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Bad Company (12)



Review by: Jack Foley | Rating: One

DVD SPECIAL FEATURES: In Bad Company: An Inside Look.

THE old mis-matched partnership routine is given another tired re-working in this by-the-numbers action flick from the Jerry Bruckheimer stable.

Anthony Hopkins and Chris Rock star as the mis-matched duo in question, this time pitting their wits against two groups of Eastern European terrorists bidding to bring a nuclear bomb to America. Yet try as they might, the stars lack the necessary chemistry or direction to elevate this dumb thriller above the mediocre, making this an instantly forgettable movie experience.

Given that this is a Bruckheimer production, however, viewers have every reason to expect the usual high-octane show of pyrotechnics, but even these lack much spark, with Joel Schumacher’s direction failing to strike the right balance between the comedy and the thrills.

Hopkins stars as veteran CIA agent Gaylord (!) Oakes, who must transform Rock’s sarcastic, street-wise punk, Jake Hayes, into a sophisticated spy to replace his murdered identical twin brother, Kevin Pope (also Rock), in order to complete the purchase of a nuclear bomb and thus save the ‘free world’.

Yet while the two initially get off on the wrong foot, a begrudging respect develops between them, with Oakes forced to come to terms with his role in the death of Pope, and Oakes finally being forced to live up to his untapped potential (he is great at chess).

Bad Company strives very hard to recapture the type of successful Box Office formula displayed in action flicks such as Enemy of the State and Lethal Weapon (that of the older charge taking on a younger, more reckless partner) without ever really coming close. Rock lacks the emotional gravitas of a Will Smith or Danny Glover, while his stand-up routine is frequently tiresome, leaving Hopkins to pick up the pieces. Sadly, he doesn’t look interested, turning in the type of performance he could prepare for in his sleep.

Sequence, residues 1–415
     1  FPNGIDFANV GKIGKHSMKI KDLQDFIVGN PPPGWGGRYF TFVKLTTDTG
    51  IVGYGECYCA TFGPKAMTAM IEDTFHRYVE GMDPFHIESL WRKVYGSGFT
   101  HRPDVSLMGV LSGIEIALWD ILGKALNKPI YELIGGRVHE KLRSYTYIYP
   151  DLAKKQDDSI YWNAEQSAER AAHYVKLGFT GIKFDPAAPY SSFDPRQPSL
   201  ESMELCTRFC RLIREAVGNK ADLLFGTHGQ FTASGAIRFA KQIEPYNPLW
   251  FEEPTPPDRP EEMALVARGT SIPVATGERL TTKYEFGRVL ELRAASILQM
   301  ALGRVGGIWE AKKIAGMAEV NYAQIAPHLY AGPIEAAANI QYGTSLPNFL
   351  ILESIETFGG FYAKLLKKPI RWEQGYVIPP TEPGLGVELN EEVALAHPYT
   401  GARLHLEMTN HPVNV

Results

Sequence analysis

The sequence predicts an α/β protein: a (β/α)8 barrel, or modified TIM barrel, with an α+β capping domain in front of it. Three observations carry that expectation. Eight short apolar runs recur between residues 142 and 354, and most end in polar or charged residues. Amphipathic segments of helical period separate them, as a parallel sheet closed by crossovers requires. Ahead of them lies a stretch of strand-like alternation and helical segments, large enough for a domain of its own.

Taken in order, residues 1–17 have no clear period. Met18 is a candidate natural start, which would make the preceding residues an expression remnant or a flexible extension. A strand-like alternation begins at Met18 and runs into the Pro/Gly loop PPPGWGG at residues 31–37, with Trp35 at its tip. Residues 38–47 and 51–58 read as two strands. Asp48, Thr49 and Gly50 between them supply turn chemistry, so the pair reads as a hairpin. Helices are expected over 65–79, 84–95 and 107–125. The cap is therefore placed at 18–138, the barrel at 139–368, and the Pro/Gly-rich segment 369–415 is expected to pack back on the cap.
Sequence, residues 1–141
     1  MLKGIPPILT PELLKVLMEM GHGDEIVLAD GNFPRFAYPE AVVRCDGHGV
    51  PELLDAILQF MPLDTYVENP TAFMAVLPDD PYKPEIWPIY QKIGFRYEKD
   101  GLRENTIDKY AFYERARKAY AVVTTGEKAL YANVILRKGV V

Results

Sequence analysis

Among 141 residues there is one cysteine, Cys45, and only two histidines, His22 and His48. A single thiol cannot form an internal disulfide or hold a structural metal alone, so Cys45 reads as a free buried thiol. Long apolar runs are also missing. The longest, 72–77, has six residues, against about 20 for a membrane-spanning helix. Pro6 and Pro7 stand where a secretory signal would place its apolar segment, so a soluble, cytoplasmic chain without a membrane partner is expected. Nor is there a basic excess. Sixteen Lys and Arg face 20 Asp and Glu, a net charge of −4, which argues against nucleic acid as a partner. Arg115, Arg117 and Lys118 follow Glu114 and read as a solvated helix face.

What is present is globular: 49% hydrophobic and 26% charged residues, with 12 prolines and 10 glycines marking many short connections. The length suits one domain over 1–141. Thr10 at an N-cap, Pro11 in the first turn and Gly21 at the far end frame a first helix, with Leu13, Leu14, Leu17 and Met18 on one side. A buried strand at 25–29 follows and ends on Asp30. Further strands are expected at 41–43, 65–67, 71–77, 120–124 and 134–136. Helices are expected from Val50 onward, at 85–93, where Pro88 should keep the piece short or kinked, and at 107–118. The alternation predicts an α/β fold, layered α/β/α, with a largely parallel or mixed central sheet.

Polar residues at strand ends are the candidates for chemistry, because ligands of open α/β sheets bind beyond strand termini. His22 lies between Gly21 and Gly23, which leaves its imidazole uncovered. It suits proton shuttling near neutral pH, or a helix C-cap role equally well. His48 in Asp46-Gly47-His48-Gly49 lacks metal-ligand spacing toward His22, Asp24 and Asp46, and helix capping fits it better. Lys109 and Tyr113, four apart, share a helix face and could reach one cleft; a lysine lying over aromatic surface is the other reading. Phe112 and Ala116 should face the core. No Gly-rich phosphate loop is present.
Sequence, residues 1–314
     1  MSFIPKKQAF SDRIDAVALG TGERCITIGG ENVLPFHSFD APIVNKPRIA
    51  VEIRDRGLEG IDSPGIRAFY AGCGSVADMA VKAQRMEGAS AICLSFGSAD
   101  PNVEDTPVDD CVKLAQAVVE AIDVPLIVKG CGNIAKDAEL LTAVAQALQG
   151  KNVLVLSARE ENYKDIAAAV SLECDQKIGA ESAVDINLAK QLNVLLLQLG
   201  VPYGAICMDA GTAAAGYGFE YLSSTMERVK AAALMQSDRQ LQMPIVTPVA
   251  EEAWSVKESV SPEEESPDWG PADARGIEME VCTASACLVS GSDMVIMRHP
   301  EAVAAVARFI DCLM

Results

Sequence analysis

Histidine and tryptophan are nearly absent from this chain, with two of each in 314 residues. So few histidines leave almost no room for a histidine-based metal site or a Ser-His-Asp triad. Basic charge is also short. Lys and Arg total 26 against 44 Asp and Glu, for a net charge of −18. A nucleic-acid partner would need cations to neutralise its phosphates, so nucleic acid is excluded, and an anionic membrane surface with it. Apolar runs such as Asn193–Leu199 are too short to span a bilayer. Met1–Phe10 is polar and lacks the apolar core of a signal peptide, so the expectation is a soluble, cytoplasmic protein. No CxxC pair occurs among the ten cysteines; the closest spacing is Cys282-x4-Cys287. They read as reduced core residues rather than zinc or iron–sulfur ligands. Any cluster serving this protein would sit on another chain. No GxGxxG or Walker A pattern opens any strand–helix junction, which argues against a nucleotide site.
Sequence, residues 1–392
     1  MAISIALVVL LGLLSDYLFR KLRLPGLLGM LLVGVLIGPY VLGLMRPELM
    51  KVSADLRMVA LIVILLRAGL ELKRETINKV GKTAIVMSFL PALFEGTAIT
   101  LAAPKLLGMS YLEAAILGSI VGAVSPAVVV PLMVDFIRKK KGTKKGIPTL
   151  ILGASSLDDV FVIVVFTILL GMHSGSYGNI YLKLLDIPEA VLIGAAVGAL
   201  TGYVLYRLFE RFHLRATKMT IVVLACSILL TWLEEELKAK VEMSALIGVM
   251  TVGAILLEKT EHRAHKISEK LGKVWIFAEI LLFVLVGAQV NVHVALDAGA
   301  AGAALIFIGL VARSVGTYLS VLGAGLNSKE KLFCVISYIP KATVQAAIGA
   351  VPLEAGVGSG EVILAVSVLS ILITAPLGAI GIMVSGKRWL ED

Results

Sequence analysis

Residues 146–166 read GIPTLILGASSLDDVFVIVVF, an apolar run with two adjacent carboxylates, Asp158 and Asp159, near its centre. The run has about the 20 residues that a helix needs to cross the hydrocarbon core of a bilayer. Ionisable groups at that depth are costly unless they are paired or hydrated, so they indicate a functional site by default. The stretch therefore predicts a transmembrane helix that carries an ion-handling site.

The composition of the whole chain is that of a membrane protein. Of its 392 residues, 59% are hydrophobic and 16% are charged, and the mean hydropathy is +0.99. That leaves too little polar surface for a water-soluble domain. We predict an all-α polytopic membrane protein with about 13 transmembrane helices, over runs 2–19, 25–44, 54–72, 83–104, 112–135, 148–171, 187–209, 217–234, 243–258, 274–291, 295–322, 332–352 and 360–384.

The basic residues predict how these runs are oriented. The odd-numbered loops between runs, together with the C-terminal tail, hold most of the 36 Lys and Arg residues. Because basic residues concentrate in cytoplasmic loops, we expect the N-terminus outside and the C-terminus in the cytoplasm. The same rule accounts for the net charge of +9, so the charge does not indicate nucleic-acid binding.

In fact, the best person in it is Gabriel Macht, as Oakes's right-hand man, who handles most of the action sequences, while exuding the type of charisma usually reserved for the leading man. He deserves his own movie, but is sadly wasted at every opportunity.

Worse still, the film looks and feels like it has ripped-off better movies, most of them Bruckheimer productions, as well as the likes of The Peacemaker (particularly during its New York-based, race-against-time climax).

Schumacher’s direction also feels thrown together at times, allowing very little time for any character development or, worse, tension or excitement. Scenes have the habit of ending very suddenly, creating a jarring effect to the flow.

The director is one of those Jekyll and Hyde types, who can produce work of the quality Falling Down and Tigerland one minute, or Dying Young and Batman and Robin the next. His collaboration with Bruckheimer falls into the latter category, so it remains to be seen what type of treatment the partnership will give to the forthcoming Veronica Guerin, the true story of the Dublin journalist who was assassinated while reporting on Irish organised crime.

Ironically, it is Hopkins’ on-screen character who sums up Bad Company best, for when hearing about the CIA’s plan to recruit and train Rock to save the world, he merely sighs and mutters… ‘this smacks of desperation’. He’s not wrong.

 

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